Publications by authors named "Stephanie Dingwall"

3 Publications

  • Page 1 of 1

AcDCXR Is a Cowpea Aphid Effector With Putative Roles in Altering Host Immunity and Physiology.

Front Plant Sci 2020 15;11:605. Epub 2020 May 15.

Graduate Program in Biochemistry and Molecular Biology, University of California, Riverside, Riverside, CA, United States.

Cowpea, , is a crop that is essential to semiarid areas of the world like Sub-Sahara Africa. Cowpea is highly susceptible to cowpea aphid, , infestation that can lead to major yield losses. Aphids feed on their host plant by inserting their hypodermal needlelike flexible stylets into the plant to reach the phloem sap. During feeding, aphids secrete saliva, containing effector proteins, into the plant to disrupt plant immune responses and alter the physiology of the plant to their own advantage. Liquid chromatography tandem mass spectrometry (LC-MS/MS) was used to identify the salivary proteome of the cowpea aphid. About 150 candidate proteins were identified including diacetyl/L-xylulose reductase (DCXR), a novel enzyme previously unidentified in aphid saliva. DCXR is a member of short-chain dehydrogenases/reductases with dual enzymatic functions in carbohydrate and dicarbonyl metabolism. To assess whether cowpea aphid DCXR (AcDCXR) has similar functions, recombinant AcDCXR was purified and assayed enzymatically. For carbohydrate metabolism, the oxidation of xylitol to xylulose was tested. The dicarbonyl reaction involved the reduction of methylglyoxal, an α-β-dicarbonyl ketoaldehyde, known as an abiotic and biotic stress response molecule causing cytotoxicity at high concentrations. To assess whether cowpea aphids induce methylglyoxal in plants, we measured methylglyoxal levels in both cowpea and pea () plants and found them elevated transiently after aphid infestation. Agrobacterium-mediated transient overexpression of AcDCXR in pea resulted in an increase of cowpea aphid fecundity. Taken together, our results indicate that AcDCXR is an effector with a putative ability to generate additional sources of energy to the aphid and to alter plant defense responses. In addition, this work identified methylglyoxal as a potential novel aphid defense metabolite adding to the known repertoire of plant defenses against aphid pests.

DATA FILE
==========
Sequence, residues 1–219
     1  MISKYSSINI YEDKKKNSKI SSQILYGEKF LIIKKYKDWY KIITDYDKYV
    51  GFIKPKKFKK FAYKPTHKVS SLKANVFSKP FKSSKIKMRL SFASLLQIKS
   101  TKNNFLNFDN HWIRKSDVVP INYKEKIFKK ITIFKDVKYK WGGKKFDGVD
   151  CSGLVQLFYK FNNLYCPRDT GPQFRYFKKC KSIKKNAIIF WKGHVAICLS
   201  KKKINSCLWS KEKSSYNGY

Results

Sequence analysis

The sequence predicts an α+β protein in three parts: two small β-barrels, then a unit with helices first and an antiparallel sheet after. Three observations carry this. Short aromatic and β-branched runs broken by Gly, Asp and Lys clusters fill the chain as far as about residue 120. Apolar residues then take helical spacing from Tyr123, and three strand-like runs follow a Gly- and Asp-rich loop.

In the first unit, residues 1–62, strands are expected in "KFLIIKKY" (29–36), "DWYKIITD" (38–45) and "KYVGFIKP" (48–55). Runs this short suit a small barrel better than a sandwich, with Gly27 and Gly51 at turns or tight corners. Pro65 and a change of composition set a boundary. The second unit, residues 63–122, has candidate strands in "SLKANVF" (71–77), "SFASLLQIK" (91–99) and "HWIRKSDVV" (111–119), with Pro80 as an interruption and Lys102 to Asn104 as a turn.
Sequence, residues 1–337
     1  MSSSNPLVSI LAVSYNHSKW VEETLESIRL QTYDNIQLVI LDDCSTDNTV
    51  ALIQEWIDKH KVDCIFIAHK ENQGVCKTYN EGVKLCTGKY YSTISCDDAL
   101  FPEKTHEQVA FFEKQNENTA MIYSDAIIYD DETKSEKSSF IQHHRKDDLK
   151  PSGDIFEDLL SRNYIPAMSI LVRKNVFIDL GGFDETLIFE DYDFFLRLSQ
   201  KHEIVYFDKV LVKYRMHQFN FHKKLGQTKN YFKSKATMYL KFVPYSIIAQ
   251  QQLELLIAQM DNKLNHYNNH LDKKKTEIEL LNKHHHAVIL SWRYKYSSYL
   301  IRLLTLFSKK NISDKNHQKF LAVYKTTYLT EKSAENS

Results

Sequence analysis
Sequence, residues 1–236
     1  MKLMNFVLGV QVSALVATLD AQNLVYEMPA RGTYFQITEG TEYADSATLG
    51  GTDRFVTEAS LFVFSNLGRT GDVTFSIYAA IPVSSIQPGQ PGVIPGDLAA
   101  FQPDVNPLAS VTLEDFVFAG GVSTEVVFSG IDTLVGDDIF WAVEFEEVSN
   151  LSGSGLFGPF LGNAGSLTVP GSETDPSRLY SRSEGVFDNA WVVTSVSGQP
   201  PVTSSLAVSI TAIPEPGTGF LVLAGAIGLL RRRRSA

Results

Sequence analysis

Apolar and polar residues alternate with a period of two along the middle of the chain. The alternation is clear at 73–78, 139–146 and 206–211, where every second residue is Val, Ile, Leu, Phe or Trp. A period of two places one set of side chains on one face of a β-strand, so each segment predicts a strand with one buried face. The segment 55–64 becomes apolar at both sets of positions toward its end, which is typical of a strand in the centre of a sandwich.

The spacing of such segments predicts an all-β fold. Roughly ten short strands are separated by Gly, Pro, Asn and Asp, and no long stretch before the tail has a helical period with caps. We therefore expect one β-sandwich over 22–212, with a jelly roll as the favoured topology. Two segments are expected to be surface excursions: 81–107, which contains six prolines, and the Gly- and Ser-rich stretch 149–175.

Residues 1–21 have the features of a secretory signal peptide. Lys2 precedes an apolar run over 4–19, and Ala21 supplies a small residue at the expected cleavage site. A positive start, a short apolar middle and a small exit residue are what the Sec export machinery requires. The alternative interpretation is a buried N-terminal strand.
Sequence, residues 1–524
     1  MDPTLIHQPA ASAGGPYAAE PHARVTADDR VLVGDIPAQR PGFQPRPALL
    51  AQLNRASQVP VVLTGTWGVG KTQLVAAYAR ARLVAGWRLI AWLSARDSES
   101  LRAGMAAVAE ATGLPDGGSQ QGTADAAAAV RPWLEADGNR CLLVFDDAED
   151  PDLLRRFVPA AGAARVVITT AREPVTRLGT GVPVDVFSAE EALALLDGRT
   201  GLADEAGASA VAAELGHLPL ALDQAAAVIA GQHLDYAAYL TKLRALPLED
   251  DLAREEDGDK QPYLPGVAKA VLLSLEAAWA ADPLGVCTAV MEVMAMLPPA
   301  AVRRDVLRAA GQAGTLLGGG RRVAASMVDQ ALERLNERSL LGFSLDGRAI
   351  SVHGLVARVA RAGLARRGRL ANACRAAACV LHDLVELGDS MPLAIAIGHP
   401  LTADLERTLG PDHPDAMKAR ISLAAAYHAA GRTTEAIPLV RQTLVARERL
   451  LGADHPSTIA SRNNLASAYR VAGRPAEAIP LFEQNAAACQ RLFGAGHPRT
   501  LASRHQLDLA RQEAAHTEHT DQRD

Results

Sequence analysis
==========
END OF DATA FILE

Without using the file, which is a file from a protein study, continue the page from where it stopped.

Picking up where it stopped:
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http://dx.doi.org/10.3389/fpls.2020.00605DOI Listing
http://www.ncbi.nlm.nih.gov/pmc/articles/PMC7243947PMC
May 2020

The oxidation-reduction and electrocatalytic properties of CO dehydrogenase from Oligotropha carboxidovorans.

Biochim Biophys Acta Bioenerg 2020 01 14;1861(1):148118. Epub 2019 Nov 14.

School of Chemistry and Molecular Biosciences, University of Queensland, Brisbane 4072, Australia. Electronic address:

CO dehydrogenase (CODH) from the Gram-negative bacterium Oligotropha carboxidovorans is a complex metalloenzyme from the xanthine oxidase family of molybdenum-containing enzymes, bearing a unique binuclear Mo-S-Cu active site in addition to two [2Fe-2S] clusters (FeSI and FeSII) and one equivalent of FAD. CODH catalyzes the oxidation of CO to CO with the concomitant introduction of reducing equivalents into the quinone pool, thus enabling the organism to utilize CO as sole source of both carbon and energy. Using a variety of EPR monitored redox titrations and spectroelectrochemistry, we report the redox potentials of CO dehydrogenase at pH 7.2 namely Mo, Mo, FeSI, FeSII, FAD/FADH and FADH/FADH. These potentials are systematically higher than the corresponding potentials seen for other members of the xanthine oxidase family of Mo enzymes, and are in line with CODH utilising the higher potential quinone pool as an electron acceptor instead of pyridine nucleotides. CODH is also active when immobilised on a modified Au working electrode as demonstrated by cyclic voltammetry in the presence of CO.
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http://dx.doi.org/10.1016/j.bbabio.2019.148118DOI Listing
January 2020

The aerobic CO dehydrogenase from Oligotropha carboxidovorans.

J Biol Inorg Chem 2015 Mar 26;20(2):243-51. Epub 2014 Aug 26.

Department of Biochemistry, University of California, Riverside, CA, 92521, USA,

We review here the recent literature dealing with the molybdenum- and copper-dependent CO dehydrogenase, with particular emphasis on the structure of the enzyme and recent advances in our understanding of the reaction mechanism of the enzyme.
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http://dx.doi.org/10.1007/s00775-014-1188-4DOI Listing
March 2015
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